On the Friday afternoon of a Labor Day weekend, there was nothing but blue skies as far as the eye could see while we loaded up the car and hooked up the trailer to head out to the Colorado River. As we approached the Arizona state line, it became obvious that the weather was taking a definite turn for the worse. By the time we arrived at the marina in Lake Havasu, we were engulfed in a massive thunderstorm complete with extremely high winds and a torrential downpour. Undaunted, my father proceeded to launch our seventeen foot Bayliner into the lake for a harrowing journey to the other side to meet up with some friends who had been camping in a remote area all week.
As we made our way across the lake, the weather continued to deteriorate and our little ski boat was tossed around by over ten foot waves. At this point, most experienced seamen would have turned the boat around and headed for the safety of the marina, but not my pop. My father was a proud member of the greatest generation. He had made it through the Great Depression and survived the “War to End All Wars” and he wasn’t going to let a little rain slow him down. My mother, on the other hand, who usually supported completely every crazy idea my father ever came up with, had a different plan for how she was going to protect her children from drowning in the middle of the lake.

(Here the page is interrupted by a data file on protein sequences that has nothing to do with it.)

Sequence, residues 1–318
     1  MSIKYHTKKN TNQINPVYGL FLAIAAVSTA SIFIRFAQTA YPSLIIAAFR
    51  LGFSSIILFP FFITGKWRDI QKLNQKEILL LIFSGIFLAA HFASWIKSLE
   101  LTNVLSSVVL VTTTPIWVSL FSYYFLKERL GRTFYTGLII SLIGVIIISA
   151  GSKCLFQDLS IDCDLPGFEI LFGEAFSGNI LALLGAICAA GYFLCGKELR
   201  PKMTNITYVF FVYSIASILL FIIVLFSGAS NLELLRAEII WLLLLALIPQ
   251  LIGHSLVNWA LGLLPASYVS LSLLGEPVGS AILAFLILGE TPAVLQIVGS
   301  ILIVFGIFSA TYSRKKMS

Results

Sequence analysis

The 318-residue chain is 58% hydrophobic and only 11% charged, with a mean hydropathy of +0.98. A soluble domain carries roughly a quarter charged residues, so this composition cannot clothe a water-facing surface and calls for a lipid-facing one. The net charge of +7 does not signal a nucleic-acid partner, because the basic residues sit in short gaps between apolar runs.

Although she had never learned to swim herself, she decided that the best course of action would be to wrap me and my younger brother in blankets and stuff us in the hold under the bow. In retrospect, I believe that lifejackets might have been a better choice. I can still remember feeling a little uneasy about the position my mother had put us in, but after some severe rockin’ and a rollin’, pop safely beached the Bayliner at our designated campsite and we were able to set up camp for the night.
The next morning, we awoke to a sunny, albeit still quite windy day and began to assess the damage. Overnight, the little Bayliner had completely swamped and the bottom of the hull had been ripped out due to the pounding it took from being blown back and forth across the sandy beach all night. I do believe that a lesser man would have given up at this point, but not my dad. He enlisted the help of another camper whose boat had survived the storm to give him a ride back to the marina, where he purchased fiberglass, resin and paint brushes. He then proceeded to flip the boat over on its side (with the outboard motor still attached) and apply a makeshift patch to the hull. Now I’m not saying that the patch was completely watertight, but it was good enough to get back to the marina and the boat loaded back on the trailer.
It’s like my Pop always used to say
“You’ll never sink this boat! Come on! You call this a storm, Dude?”